14 Tips on How To Clean Leather Boots in 2021

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The most popular concern among boot wearers is “how to clean leather hunting boot?”. After a while of use, leather boots become old and vulnerable to scratches and oil stains. That’s the reason why your boots need an effective cleaning inside out and good care afterward. While there are many different techniques, we would go into detail about the most effective and common one, suitable for work boots, leather shoes, combat boots, brown leather, and things to notice.

How To Clean Leather Boots?

This way, you can opt for the most suitable solution for your leather boots to get the best result. Here’s the most important part of this article:

Step 1: Remove the laces


The first thing to do is to remove the laces from your boots. This makes it easier for you to cleaning and condition the nooks as well as crevices of the shoes.

Then wash the laces to rinse off dirt and grime. Once they are cleaning, set them aside to avoid getting lost or tangled. If your shoes come with zippers, you should open the zippers and cleaning the leather behind them too.

Step 2: Cleaning loose dirt and debris


To prevent the leather from getting scratched, gently cleaning the boot’s feather surface with a soft-bristled brush or a soft cloth. This helps to remove debris, dirt, and oil stains from the shoes.

Step 3: Apply soap


Most leather cleaners have soap forms such as saddle soap. To cleaning with this cleaner, use a damp cloth and rub it over the soap. Then rub the sides of the cloth together to create a light lather.

One thing you need to remember is lifting the tongues or flaps to approach the little crevices, ensuring all the remaining grime is removed.

Pay extra stress on areas that need more scrubbing. Keep in mind that you just have to do this for stubborn stains only. Also, wearing plastic gloves is essential if your skin is sensitive. This way, you can prevent the lather from affecting your hands.

Step 4: Wipe off the soap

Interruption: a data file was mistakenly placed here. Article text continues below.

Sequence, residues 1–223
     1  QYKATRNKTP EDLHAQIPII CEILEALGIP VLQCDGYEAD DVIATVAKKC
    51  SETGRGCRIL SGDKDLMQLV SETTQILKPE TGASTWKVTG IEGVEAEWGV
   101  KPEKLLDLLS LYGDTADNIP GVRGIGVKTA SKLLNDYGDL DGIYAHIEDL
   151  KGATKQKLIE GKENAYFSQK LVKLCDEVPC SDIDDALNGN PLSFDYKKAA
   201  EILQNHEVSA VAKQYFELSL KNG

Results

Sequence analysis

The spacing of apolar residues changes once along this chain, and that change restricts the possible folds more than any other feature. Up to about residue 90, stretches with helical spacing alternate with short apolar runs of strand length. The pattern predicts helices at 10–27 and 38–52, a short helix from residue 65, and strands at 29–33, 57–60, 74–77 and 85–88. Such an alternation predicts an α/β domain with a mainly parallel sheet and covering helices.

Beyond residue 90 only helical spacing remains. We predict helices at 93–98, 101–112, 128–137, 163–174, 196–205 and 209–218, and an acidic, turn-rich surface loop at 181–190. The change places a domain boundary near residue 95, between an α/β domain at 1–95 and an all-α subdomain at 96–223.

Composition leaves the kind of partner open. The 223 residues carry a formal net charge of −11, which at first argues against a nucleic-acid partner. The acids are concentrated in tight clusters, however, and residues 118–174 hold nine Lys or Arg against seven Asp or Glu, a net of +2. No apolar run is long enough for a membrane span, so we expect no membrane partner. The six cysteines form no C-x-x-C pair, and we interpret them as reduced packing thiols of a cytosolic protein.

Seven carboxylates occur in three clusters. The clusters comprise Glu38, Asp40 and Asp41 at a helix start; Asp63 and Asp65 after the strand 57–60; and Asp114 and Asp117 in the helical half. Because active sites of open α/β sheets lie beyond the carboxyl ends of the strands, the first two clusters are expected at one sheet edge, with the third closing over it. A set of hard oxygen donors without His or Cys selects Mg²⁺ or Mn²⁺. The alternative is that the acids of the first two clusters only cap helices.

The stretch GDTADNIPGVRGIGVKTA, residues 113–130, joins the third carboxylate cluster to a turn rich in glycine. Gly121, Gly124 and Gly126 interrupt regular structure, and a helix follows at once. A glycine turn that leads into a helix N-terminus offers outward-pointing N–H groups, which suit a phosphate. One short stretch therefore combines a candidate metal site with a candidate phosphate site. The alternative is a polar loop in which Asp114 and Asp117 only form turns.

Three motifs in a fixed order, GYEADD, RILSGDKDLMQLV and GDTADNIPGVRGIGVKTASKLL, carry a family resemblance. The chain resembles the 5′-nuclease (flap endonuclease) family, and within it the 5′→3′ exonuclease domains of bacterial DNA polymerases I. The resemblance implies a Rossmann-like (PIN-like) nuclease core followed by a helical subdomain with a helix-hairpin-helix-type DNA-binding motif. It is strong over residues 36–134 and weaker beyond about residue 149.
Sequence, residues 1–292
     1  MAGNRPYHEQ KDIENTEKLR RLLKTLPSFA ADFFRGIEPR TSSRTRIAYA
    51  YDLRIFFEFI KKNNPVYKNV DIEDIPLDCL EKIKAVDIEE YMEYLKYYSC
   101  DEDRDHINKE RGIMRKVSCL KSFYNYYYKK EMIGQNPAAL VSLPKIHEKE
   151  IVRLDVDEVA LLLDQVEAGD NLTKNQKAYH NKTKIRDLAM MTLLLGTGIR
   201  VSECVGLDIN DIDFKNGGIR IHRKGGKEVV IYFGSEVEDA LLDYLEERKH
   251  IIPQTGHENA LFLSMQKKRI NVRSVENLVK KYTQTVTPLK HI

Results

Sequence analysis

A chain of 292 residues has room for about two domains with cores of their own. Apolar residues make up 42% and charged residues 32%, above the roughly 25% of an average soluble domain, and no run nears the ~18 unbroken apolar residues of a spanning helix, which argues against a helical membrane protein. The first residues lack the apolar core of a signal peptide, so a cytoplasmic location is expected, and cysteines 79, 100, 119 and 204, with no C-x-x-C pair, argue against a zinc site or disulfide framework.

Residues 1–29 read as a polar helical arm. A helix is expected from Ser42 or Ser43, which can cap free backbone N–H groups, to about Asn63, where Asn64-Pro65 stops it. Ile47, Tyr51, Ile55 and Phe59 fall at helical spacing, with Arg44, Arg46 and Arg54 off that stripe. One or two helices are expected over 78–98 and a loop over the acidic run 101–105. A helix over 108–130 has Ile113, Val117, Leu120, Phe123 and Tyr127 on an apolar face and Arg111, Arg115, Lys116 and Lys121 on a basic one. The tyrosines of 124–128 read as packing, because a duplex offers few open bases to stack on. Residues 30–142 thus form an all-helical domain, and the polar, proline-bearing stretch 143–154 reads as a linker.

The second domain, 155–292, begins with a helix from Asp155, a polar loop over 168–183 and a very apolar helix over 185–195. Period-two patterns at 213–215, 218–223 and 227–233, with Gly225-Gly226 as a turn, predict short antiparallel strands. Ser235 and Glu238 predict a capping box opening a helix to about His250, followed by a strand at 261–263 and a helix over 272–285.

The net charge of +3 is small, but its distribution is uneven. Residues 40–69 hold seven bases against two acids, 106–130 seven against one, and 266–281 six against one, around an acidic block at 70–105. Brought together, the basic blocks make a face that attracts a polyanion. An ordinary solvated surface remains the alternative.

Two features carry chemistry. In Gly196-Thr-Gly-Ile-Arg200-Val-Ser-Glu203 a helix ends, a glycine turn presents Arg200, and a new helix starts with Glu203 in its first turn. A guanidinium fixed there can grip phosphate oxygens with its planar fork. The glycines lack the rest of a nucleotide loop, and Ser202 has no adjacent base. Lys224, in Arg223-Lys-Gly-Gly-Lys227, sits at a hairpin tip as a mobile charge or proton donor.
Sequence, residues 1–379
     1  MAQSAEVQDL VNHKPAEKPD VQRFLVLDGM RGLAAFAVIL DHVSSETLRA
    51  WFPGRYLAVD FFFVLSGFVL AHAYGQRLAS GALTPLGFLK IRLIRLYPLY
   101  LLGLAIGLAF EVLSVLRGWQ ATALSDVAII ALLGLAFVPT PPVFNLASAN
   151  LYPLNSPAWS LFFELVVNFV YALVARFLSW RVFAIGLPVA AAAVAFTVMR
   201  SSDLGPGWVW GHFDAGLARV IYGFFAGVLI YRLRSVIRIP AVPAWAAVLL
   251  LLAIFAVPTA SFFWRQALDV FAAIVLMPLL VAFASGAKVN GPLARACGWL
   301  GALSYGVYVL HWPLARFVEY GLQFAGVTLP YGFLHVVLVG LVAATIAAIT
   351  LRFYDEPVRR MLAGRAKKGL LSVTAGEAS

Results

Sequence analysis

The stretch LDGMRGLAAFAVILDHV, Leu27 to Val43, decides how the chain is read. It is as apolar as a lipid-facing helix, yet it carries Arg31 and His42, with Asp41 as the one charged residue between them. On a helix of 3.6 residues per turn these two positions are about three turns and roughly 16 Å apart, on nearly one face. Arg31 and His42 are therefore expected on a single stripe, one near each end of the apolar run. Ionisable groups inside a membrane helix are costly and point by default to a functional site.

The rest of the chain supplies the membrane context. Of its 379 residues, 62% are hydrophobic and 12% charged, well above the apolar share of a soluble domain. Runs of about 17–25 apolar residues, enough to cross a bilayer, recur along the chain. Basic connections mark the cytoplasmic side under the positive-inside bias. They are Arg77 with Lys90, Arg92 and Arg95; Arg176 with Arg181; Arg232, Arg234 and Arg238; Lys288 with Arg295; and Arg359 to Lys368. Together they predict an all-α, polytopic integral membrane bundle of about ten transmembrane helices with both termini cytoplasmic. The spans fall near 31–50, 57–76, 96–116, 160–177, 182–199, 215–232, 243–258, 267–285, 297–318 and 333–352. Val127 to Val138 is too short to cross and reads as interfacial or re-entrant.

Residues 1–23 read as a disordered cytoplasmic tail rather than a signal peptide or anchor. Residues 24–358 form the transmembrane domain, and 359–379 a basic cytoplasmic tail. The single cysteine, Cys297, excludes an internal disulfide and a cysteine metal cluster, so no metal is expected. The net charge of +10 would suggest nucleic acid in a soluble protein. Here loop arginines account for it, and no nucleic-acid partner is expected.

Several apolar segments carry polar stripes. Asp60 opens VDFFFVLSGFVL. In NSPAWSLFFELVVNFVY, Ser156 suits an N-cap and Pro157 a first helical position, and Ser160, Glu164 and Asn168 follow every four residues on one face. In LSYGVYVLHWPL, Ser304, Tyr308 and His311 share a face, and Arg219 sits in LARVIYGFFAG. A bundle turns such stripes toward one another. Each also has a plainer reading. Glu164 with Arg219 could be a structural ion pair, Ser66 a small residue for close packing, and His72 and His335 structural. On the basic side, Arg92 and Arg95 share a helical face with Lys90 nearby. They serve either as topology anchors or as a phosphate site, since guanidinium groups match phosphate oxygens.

After rubbing your boots with soap, use another clean, damp cloth or soft-bristled brush to wipe off the soap. Move across the leather surface of your shoes in circular motions.

Step 5: Condition boot or shoe


Conditioning leather is an important step that keeps your boots from being dried out and adding shine. You can either get a leather conditioner or DIY by creating a mixture of white vinegar and linseed oil with a portion of 1:2 respectively.

As soon as you’ve finished cleaning your shoes, put some liquid leather conditioner on a dry cloth. Then rub the leather conditioner onto the leather surface until it’s shiny. The process may take around 15 minutes.

In addition, this step is not suitable for suede shoes. This is because they can’t handle normal leather cleaners, including leather conditioners. You can resolve this problem by using a protector spray instead, which is designed for suede footwear.

Step 6: Dry


Leave your boots in the open air to get dried. Don’t put them in direct sun or near the heater as this will result in fading or cracking leather.

Cleaning Tips:  Clean leather boots with household items?

Grease or Oil Stain: Use Baking Soda

Baking soda

Baking soda is famous for its cleaning functions, which are applied to household items, clothes, and even the human body. And leather boots are not an exception, especially for stains in the form of grease or oil. To do this, you just have to sprinkle it onto stained and dirty areas of your shoes. After that, dip a cloth into the water to get wet. Use it to rub the surface where you sprinkled the soda in circular motions.